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Mistakes made in Catholic clergy sex abuse probes: Minnesota archbishop

MINNEAPOLIS (Reuters) - The Roman Catholic archbishop of the Minneapolis-St. Paul Archdiocese said on Thursday that serious mistakes had been made in the archdiocese's investigations of allegations of sex abuse by clergy and he has ordered a review of all of its files by an outside firm.

"To those who have been hurt, to the victims of clergy abuse and their family members, I can only tell you how sorry I am," Archbishop John Nienstedt said in the archdiocese's official publication. "I realize how damaging such actions are in violating the care of their human dignity."

But David Clohessy, director of the Survivors Network of Those Abused by Priests, said Nienstedt's review plan would only result in more secrecy and his statement did not reveal the names of sexual predators.

"He knows who should look at these records, the cops," Clohessy said. "But he continues to act irresponsibly, to protect the predators and to endanger kids."

Nienstedt said there was "reason to question" whether the archdiocese's policies, procedures and practices for preventing and addressing clergy sexual misconduct were uniformly followed as well as the prudence of the judgments that were made.

"The first thing that must be acknowledged is that over the last decade some serious mistakes have been made," he said.

Nienstedt's statement follows St. Paul police reopening an investigation in October into whether a priest had child pornography on a laptop given to a parishioner and a police plea for victims of sexual abuse by priests to come forward.

It also follows Minnesota Public Radio reports about a former archdiocese lawyer who questions the handling of priests suspected of misconduct and accuses the archdiocese of failing to report possible child pornography evidence to law enforcement.

That lawyer, Jennifer Haselberger, has called on the archbishop to allow a comprehensive external review of all archdiocese files and the removal of priests from ministry who have engaged in sexual misconduct and their public disclosure.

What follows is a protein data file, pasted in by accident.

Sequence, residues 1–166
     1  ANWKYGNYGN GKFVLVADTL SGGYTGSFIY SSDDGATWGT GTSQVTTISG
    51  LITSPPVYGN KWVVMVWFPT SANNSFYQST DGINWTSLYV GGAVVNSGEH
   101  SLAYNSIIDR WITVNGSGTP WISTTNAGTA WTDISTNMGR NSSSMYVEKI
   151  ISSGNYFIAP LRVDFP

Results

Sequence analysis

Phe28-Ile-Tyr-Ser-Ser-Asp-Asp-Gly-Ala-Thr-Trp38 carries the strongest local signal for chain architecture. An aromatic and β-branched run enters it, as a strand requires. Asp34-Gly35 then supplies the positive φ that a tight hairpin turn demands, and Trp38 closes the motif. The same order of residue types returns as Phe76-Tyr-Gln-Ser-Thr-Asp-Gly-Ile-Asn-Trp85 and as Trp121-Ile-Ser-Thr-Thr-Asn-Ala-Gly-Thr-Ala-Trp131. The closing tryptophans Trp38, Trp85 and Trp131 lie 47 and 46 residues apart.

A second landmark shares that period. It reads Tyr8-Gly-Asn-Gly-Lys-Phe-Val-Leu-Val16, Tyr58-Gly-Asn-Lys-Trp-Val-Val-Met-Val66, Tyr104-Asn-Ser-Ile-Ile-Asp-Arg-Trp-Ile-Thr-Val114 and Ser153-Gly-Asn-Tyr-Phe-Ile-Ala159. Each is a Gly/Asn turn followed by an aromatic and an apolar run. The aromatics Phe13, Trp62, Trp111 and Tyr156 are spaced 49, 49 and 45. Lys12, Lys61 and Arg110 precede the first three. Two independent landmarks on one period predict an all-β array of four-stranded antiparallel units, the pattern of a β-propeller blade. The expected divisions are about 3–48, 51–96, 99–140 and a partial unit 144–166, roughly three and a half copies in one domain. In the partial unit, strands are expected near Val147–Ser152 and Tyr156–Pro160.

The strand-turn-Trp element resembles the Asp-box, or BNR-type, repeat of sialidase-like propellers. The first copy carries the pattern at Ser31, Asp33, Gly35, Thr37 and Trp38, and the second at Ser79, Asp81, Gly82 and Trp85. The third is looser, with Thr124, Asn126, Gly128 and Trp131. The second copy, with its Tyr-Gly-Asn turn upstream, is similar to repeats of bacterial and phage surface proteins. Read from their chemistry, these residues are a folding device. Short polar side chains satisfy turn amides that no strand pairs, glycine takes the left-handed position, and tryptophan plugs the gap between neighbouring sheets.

"Until this occurs, I do not believe that it can be said that the archdiocese is honoring its promise to protect," Haselberger said in a statement released in early October.

The Star Tribune newspaper also reported on Thursday that the archdiocese had paid out nearly $11 million from 2003 to 2012 in costs directly linked to sex abuse and other misconduct committed by priests removed from active ministry.

Nienstedt said he was aware from media reports and letters and emails from many Catholics and the general public that there is fear that some priests in the ministry are a danger to children.

"I could never knowingly allow such a situation. In order to demonstrate this fact, I have ordered a review of all clergy files by an outside firm," Nienstedt wrote.

At least two prominent local priests have called for major changes in the archdiocese, even possibly among the leadership.

"It may be time for a do over with our archdiocesan leadership," Father Bill Deziel, pastor of the Church of St. Peter in North St. Paul, said in his Sunday bulletin, adding that "sometimes a fresh start is needed."

Deziel said the archdiocese must release its list of 33 priests it believes have been credibly accused of sexually abusing children and open its files to law enforcement, with the findings made public and charges filed if necessary.

(Reporting by David Bailey; Editing by Dan Whitcomb and Eric Beech)

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